In an attempt to reduce the woes of the companies (owning stressed assets and carrying bad debts on their shoulders), the Central Government has urged the Reserve Bank of India (RBI) to relax the norms related to resolution of the stressed assets.
The perspective of the Central Government on the norms related to stressed assets resolution is that these rules are practically difficult to implement and need to be reviewed. The Central Government has emphasized that the existing norms will impact the lenders big time and force small companies towards bankruptcy – as payments to the small companies (having business equations with government agencies and larger corporations) often got delayed for some reason or the other.
As per the existing norms, if companies are in default of loan payment, the lenders are authorized to implement the resolution plan for stressed assets on the day following the loan payment due date.
Another norm is that if no resolution is found in any loan default case within 180 days following the default then banks are at liberty to instigate insolvency proceedings.
Certain experts are of the opinion that the implementation of the existing norms will be difficult in reality and lenders balance sheet may get exposed to massive disruption due to the higher provisioning requirement.
Following the receipt of the request from the central government and other stakeholders (banks and lenders), the RBI is deliberating the prospect of easing certain norms related to non-performing assets.
The RBI ideology is to re-align the norms without diluting the spirit of the norms to safeguard the interest of small and medium enterprises and prevent loss of jobs and to evade the embarrassment of pushing the banks to the brink.
Accordingly, it is expected that any loan payment made within 30 days following the due date will not be considered as default and requirement of approval of lenders for resolution plan would be lowered to 75% majority.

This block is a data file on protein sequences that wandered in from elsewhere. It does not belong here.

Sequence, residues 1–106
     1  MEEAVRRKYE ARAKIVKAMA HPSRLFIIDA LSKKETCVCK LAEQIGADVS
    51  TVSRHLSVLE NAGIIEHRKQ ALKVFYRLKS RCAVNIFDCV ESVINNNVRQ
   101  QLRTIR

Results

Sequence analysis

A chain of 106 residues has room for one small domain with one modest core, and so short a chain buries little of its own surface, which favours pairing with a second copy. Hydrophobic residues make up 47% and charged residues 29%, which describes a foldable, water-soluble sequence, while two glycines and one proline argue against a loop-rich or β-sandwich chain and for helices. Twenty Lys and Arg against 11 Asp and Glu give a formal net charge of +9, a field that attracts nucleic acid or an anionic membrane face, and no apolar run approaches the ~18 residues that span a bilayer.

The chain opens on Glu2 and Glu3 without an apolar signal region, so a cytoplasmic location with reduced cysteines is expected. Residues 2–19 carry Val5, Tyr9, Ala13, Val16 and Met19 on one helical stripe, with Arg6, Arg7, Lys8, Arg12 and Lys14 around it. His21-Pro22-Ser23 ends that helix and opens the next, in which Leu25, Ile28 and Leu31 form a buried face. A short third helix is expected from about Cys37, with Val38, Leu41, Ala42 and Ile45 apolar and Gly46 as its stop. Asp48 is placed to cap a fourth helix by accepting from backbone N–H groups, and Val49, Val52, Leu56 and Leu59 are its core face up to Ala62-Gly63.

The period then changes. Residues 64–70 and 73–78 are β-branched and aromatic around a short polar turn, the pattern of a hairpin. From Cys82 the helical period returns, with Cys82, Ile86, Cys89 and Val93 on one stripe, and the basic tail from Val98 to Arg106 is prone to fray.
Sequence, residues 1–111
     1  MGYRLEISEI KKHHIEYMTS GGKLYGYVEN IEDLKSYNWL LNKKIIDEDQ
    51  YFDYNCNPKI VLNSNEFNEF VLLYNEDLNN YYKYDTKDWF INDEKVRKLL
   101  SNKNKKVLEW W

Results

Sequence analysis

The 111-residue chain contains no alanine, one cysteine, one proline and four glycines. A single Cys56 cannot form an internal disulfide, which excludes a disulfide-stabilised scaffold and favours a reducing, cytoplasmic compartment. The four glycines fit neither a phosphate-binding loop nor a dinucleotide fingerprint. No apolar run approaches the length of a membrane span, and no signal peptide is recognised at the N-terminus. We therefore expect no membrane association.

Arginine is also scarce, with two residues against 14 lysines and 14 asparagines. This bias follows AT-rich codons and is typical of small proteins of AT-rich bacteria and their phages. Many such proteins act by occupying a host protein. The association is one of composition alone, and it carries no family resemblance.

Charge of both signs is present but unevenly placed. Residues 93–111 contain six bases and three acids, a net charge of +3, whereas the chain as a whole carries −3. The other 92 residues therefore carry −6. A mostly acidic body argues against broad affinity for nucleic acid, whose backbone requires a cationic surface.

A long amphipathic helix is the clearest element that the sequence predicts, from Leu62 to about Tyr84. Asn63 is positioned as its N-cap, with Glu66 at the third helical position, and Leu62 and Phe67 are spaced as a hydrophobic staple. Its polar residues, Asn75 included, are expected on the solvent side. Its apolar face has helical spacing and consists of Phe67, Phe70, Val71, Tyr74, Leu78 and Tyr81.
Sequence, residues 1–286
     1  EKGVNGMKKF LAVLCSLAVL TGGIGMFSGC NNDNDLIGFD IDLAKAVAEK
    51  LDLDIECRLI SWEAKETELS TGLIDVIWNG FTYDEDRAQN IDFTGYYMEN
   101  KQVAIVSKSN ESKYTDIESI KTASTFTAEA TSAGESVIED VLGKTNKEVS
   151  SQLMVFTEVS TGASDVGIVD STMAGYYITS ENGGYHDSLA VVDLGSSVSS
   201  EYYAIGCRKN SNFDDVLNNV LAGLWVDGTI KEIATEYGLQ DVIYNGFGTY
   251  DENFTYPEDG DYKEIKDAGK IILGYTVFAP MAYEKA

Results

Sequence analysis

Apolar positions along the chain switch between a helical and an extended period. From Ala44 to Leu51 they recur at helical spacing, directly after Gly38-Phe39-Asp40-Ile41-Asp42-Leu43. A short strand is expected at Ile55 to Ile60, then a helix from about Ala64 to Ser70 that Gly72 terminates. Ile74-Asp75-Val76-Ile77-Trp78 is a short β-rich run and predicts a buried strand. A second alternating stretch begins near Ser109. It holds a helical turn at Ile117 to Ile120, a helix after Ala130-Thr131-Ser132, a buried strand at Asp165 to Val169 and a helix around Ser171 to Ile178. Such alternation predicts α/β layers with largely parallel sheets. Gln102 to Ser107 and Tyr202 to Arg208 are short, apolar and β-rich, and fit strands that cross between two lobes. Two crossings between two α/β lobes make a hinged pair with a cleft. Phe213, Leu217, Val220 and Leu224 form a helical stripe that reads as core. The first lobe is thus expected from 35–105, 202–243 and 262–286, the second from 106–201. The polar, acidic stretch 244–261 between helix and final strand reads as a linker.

The RBI is also considering the prospect of common guidelines in relation to resolution of stressed assets as viable option to the existing provisions which mandate board approved policies of resolution of stressed assets which lead to diversified treatment in policy making by different boards.
It is also expected that non-banking financial institutions may be included in broaden norms which are previously excluded under the norms.
The RBI consideration of all the requests and concerns received from various quarters is a welcome step and accordingly started taking curative measures for good of banks and small/medium companies.
One can hope that the implementation of the broaden norms will speed up the process of resolution plan and enhance the transparency in the transactions related to non-performing assets along with safeguarding the interests of all the stakeholders.
Research inputs by Paruchuri Baswanth Mohan
About the Author:
Bhumesh Verma is a lawyer with over 2 decades of experience in advising domestic and international clients on corporate transactions (M&A, Venture Capital, Private Equity, Startups, corporate advisory, etc.) and features in "The A-List - India's Top 100 Lawyers" by India Business Law Journal. He keeps writing frequently on FDI, M&A and other corporate matters and is a guest faculty as well. He can be reached at firstname.lastname@example.org